Make sure that there is a reflector on the front and rear of your child's bike. The rear should be red, and should be at least three inches across. Make sure the reflector is pointed straight back to reflect the headlights of cars that are coming up behind your child.
The bike chain should be clean and lubricated.
Check your brakes for even pressure. They should make your back wheels skid on dry pavement, but the brakes themselves should not stick.
Make sure your tires are properly inflated.
ALWAYS WEAR A HELMET!
Insist That Your Child Wear A Helmet Every Time they Ride A Bike
A helmet should be worn even when they are passengers on the back of an adult's bike. If they learn to wear helmets whenever they ride bikes, it becomes a habit for a lifetime. Withhold bike privileges if they do not wear a helmet when riding. It is important to be consistent- Never Allow Your Child To Get On Their Bicycle Without A Helmet.
Teach Your Child How To Wear A Helmet
It is important to purchase a helmet that fits properly and is specifically adjusted to fit your child's head. Make sure your child's helmet has been approved by the Consumer Product Safety Commission. Pick a bright color for visibility. Avoid helmets with complicated adjustments or a rigid visor that could snag in a fall. Also avoid helmets with a squared-off shell, inadequate vents, excessive vents, an extreme "aero" shape, dark colors, or thin straps.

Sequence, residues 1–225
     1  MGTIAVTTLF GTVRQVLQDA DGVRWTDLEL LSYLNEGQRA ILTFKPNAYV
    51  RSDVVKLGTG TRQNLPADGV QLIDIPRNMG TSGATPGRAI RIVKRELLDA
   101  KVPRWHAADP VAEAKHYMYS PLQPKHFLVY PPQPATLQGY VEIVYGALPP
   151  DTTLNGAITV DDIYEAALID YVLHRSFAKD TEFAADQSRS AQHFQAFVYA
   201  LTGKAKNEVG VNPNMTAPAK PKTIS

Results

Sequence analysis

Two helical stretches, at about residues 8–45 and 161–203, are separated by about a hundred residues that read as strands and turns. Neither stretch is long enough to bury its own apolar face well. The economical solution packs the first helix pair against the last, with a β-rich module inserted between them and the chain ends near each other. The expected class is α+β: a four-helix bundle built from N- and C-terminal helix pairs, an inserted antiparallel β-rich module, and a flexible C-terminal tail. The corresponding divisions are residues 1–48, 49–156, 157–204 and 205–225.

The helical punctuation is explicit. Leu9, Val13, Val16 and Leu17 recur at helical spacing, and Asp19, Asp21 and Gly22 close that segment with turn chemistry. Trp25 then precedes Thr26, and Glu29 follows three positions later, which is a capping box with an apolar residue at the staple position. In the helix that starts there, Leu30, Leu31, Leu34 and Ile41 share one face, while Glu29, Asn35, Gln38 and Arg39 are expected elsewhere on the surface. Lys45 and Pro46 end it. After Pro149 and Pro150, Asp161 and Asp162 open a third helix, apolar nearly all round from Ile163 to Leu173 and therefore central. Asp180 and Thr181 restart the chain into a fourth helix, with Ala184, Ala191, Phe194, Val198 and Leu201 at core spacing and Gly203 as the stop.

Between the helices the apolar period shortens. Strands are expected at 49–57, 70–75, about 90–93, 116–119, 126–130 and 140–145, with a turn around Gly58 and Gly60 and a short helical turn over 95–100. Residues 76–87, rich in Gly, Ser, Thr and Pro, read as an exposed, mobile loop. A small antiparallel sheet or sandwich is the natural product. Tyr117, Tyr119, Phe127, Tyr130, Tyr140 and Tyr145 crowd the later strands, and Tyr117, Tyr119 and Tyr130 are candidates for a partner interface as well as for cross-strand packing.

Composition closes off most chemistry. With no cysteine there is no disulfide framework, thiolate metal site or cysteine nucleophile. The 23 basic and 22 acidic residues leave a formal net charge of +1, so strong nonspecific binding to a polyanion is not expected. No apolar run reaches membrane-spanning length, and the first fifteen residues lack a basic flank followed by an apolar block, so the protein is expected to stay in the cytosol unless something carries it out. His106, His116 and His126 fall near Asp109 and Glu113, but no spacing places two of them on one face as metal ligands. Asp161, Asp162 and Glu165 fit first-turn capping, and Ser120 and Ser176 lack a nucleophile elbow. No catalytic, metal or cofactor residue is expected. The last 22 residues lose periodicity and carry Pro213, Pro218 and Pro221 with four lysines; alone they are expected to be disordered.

Click Here! for More Info on Purchasing and Fitting a Bicycle Helmet.
Images from National Highway Traffic Safety Association
Adults should set a good example by wearing a helmet every time they ride a bike.
The most important factor influencing children to wear helmets is riding with an adult who wears a helmet.
Talk to your children about why you want them to protect their heads.
Reward your kids for wearing helmets. Praise kids who put on their helmets without having to be told.
Replace the helmet if it has been damaged.
Parents should set limits on where children may ride.